Embracing Sobriety

  Many people think that if you stop drinking alcohol that you must have hit what is called 'rock bottom' which is a turn of phrase that conjures up images of the dirty, homeless and intoxicated individual, slumped on a park bench drinking a cheap bottle of extra-strength cider — the stereotype alcoholic. That's a fallacy; not everyone reaches rock bottom, and the point where people feel that their drinking has become a problem is a different experience for everyone. Many people don't classify themselves as an alcoholic, but instead, prefer to use terms like binge-drinker, alcohol dependent and grey-area-drinker. The point is still the same, we all have a problem with drink.
  I hit rock bottom, pulled myself out and then hit it again, several times. It took me a long time to say goodbye to my constant companion, my best friend, my love - drink. My relationships faltered because of it, and I lost friends, my family still loved me, but I know I was hard work. I have a lot of making up to do.
  For a long time I resisted ridding myself of my false friend, wine made everything go away, even the joyous moments in life, not just the bad. With talking therapy, I tried to cut down and realising this was going to be impossible; I embarked on a transformational journey and one that took about six months before I was ready to embrace sobriety.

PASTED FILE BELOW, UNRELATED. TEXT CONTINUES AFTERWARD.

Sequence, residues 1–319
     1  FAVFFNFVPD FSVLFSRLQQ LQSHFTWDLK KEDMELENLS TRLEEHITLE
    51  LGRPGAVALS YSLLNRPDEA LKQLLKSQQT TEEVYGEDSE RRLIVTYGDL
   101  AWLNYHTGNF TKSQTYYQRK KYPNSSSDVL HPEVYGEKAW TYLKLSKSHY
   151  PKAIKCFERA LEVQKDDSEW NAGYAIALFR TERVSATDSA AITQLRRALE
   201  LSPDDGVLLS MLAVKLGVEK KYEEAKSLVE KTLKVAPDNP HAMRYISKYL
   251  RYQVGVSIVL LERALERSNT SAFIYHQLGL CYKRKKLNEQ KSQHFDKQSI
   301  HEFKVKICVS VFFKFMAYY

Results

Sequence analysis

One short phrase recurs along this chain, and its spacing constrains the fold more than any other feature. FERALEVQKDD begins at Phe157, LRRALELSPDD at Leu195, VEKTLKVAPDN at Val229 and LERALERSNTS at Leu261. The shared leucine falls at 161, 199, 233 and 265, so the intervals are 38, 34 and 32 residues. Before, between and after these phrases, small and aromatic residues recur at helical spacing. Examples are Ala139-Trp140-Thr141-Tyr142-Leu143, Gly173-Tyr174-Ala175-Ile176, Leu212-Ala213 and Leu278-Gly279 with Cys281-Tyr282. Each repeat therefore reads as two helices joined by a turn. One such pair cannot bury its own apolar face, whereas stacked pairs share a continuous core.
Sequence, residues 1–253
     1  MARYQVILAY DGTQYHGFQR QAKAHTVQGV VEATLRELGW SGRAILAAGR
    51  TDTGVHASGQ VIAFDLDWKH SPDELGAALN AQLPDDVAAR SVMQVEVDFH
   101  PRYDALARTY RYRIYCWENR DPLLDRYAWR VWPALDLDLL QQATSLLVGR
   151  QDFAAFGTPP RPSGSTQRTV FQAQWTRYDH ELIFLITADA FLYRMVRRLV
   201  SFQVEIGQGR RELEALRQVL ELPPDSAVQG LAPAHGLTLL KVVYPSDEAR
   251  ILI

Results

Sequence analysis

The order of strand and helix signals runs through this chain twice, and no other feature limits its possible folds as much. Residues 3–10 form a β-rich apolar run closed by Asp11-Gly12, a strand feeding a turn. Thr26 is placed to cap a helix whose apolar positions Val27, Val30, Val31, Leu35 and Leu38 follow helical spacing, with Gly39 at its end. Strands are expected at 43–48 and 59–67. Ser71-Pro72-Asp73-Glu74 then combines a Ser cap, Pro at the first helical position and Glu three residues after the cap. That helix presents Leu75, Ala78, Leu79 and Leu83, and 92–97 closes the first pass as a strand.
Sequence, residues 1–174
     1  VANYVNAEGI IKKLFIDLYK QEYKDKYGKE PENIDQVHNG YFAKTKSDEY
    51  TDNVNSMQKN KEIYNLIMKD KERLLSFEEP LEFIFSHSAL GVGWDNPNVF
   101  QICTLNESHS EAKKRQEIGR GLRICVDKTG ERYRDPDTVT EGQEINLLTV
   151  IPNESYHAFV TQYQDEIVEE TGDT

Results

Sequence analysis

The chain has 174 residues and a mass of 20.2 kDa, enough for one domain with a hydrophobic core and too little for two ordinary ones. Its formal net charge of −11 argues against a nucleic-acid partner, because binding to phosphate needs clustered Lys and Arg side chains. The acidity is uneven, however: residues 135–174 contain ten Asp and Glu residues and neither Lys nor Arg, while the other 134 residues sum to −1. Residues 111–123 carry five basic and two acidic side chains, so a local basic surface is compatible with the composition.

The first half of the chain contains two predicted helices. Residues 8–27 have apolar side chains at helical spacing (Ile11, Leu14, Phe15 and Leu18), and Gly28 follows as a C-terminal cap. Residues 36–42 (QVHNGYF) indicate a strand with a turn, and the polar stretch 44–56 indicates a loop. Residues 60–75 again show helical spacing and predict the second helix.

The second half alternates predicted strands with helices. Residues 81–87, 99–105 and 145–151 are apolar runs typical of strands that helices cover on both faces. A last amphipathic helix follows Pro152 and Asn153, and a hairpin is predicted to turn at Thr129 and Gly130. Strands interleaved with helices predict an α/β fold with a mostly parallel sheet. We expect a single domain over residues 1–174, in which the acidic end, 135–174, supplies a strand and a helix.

I went through a period of bereavement, I know that that's a strong statement, but it is the best way I can think to describe it. I prepared to lose something that I had turned to in the good times and the bad for twenty years. I needed to be ready, focused and committed to never picking up a glass of wine again. I was sure of that.
  So I did it. I gave up just after my forty-fifth birthday and am now 243 days sober and loving it — the best thing I have done since the birth of my two sons. My life is enriched, my relationships stronger, I am happier, much less anxious and fully present in the moment.  I'm not saying that suddenly life became all peachy, pink and fluffy. It is difficult, and you will be triggered. The voice on your shoulder that says "Why not, have a glass, you have proved you don't have a drinking problem. You're fine now". Many people refer to this voice in your head as the 'Wine-Witch'; 'Gin-Goblin'; or 'Beer-Monster' and the like. You have to fight those cravings; they are toxic lies that we tell ourselves, so don't listen to them, or instead, acknowledge them, and resist and move on. You will find that they will eventually pass and get quieter.
  Sometimes the most challenging part of staying sober isn't just taking alcohol out of your life, which is hard enough but learning to start living again, discovering who you are and how to process all the emotional baggage you have been avoiding by drinking. Feeling confident in sobriety doesn't happen overnight; it takes time, work and patience. I take it one day at a time. #odaat is a popular choice of hashtag for people in recovery because we are tackling each day, situation, problem and even celebrations this way. That's because it works. So take it easy, don't be hard on yourself, if you stumble or fall. Pick yourself up and say, it's okay because I choose sobriety and all the wonderful opportunities it has to offer.


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